The writing is merely serviceable, and one can’t help but wish the author had found a way to present her material as nonfiction. Still, this is a powerful, gut-wrenching tale that is hard to shake off.

Pub Date: Sept. 4, 2018

ISBN: 978-0-06-279715-5

Page Count: 272

Publisher: Harper/HarperCollins

Review Posted Online: July 17, 2018

Kirkus Reviews Issue: Aug. 1, 2018

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ONE DAY IN THE LIFE OF IVAN DENISOVICH

While a few weeks ago it seemed as if Praeger would have a two month lead over Dutton in their presentation of this Soviet best seller, both the "authorized" edition (Dutton's) and the "unauthorized" (Praeger's) will appear almost simultaneously. There has been considerable advance attention on what appears to be as much of a publishing cause celebre here as the original appearance of the book in Russia. Without entering into the scrimmage, or dismissing it as a plague on both your houses, we will limit ourselves to a few facts. Royalties from the "unauthorized" edition will go to the International Rescue Committee; Dutton with their contracted edition is adhering to copyright conventions. The Praeger edition has two translators and one of them is the translator of Doctor Zhivago Dutton's translator, Ralph Parker, has been stigmatized by Praeger as "an apologist for the Soviet regime". To the untutored eye, the Dutton translation seems a little more literary, the Praeger perhaps closer to the rather primitive style of the original. The book itself is an account of one day in the three thousand six hundred and fifty three days of the sentence to be served by a carpenter, Ivan Denisovich Shukhov. (Solzhenitsyn was a political prisoner.) From the unrelenting cold without, to the conditions within, from the bathhouse to the latrine to the cells where survival for more than two weeks is impossible, this records the hopeless facts of existence as faced by thousands who went on "living like this, with your eyes on the ground". The Dutton edition has an excellent introduction providing an orientation on the political background to its appearance in Russia by Marvin Kalb. All involved in its publication (translators, introducers, etc.) claim for it great "artistic" values which we cannot share, although there is no question of its importance as a political and human document and as significant and tangible evidence of the de-Stalinization program.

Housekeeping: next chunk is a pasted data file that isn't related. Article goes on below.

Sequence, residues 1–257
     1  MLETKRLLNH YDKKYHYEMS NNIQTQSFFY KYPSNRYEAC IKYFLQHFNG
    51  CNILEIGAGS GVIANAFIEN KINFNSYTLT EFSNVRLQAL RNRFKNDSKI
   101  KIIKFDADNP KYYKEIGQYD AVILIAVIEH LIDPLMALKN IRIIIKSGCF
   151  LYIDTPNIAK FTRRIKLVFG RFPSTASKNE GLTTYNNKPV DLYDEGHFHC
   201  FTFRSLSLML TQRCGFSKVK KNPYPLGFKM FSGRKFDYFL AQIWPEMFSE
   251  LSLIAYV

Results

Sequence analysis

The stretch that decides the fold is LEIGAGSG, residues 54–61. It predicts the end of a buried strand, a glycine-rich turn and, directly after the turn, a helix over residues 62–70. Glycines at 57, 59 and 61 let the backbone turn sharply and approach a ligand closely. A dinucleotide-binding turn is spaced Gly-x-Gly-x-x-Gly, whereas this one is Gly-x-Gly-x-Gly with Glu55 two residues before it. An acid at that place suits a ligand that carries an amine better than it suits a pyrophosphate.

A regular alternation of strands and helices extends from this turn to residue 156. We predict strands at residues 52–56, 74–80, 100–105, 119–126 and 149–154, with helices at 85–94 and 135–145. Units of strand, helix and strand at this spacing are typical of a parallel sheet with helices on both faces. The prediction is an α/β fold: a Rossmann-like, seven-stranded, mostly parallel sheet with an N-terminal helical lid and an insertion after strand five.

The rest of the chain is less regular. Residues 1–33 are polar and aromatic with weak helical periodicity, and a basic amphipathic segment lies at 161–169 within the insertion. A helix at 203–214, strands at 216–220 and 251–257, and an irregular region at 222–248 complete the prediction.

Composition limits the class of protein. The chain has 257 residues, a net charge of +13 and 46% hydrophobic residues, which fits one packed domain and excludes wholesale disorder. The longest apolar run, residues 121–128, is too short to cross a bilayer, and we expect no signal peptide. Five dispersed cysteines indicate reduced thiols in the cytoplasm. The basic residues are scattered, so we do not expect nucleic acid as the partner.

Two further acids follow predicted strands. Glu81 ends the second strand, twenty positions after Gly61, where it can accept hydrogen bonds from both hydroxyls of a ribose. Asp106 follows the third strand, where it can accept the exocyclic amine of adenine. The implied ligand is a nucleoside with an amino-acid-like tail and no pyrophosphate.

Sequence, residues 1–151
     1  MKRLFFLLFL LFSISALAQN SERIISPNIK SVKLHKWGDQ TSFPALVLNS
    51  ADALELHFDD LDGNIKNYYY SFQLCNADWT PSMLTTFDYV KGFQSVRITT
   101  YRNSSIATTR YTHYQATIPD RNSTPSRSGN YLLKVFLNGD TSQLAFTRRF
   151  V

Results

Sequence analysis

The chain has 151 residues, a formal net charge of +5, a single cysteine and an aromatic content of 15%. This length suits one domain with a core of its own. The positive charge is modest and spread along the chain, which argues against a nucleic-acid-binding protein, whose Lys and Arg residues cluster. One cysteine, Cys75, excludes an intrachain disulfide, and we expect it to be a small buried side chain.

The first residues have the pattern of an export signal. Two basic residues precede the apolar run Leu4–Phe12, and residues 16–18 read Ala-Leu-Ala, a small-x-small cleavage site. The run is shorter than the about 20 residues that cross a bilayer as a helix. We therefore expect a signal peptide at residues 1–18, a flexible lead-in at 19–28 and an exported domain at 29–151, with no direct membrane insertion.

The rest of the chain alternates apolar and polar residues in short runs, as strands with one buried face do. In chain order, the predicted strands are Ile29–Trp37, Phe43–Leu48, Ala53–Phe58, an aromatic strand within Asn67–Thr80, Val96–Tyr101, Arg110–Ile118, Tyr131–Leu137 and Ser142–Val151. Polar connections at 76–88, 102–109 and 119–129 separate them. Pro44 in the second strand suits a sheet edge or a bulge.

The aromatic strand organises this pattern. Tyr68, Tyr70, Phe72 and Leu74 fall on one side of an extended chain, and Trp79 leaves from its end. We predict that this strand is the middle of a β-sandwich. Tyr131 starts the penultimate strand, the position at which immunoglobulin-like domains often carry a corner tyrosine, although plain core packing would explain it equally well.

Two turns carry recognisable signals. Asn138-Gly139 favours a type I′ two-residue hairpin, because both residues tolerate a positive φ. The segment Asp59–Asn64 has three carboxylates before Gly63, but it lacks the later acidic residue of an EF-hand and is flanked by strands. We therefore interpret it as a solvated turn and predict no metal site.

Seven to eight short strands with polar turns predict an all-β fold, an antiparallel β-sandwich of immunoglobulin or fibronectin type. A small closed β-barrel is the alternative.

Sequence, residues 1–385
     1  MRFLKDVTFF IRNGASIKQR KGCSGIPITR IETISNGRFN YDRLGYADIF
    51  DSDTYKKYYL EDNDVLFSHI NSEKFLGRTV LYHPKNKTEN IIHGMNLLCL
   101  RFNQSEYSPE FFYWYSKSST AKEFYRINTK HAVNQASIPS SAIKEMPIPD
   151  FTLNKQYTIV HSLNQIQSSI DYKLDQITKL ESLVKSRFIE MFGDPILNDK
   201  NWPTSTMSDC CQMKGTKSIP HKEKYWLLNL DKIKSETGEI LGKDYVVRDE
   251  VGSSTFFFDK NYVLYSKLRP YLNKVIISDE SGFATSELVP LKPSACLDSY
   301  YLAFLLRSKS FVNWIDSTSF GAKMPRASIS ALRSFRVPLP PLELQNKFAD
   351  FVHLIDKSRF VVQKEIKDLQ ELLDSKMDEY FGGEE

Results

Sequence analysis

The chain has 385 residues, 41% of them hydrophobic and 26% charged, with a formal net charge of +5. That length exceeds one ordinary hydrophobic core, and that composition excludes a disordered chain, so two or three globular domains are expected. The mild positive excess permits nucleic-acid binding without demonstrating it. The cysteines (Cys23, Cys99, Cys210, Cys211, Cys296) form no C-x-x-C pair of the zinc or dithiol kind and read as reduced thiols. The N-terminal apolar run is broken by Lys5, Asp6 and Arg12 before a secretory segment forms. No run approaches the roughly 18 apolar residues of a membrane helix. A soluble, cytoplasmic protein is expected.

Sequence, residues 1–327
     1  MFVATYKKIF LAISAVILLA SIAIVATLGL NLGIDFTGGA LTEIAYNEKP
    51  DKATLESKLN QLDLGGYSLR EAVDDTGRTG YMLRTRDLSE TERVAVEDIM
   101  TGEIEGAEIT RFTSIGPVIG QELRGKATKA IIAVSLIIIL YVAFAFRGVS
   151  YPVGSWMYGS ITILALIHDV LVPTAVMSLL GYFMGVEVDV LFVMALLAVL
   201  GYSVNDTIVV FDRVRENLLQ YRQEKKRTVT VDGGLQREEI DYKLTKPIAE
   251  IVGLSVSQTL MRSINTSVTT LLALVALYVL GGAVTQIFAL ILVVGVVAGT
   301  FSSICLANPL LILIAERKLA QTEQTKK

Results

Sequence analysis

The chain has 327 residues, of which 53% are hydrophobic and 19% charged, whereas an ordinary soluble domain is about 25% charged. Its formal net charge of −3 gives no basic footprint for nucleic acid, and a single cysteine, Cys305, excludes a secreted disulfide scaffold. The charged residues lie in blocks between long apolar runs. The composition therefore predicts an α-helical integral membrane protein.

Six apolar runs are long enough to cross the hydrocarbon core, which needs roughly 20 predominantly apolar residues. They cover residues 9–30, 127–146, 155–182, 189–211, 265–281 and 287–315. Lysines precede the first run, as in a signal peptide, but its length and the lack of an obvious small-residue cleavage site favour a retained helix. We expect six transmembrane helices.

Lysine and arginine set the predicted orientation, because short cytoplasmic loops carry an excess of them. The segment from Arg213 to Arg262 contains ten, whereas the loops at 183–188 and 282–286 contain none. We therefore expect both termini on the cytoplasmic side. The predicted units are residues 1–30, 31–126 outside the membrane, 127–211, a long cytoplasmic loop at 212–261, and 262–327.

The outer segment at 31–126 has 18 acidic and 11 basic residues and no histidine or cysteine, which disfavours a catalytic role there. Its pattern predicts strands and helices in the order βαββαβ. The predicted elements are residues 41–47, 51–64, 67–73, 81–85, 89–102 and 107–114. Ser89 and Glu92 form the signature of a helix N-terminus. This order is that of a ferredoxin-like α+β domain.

Pub Date: June 15, 1963

ISBN: 0451228146

Page Count: 181

Publisher: Praeger

Review Posted Online: Oct. 5, 2011

Kirkus Reviews Issue: June 15, 1963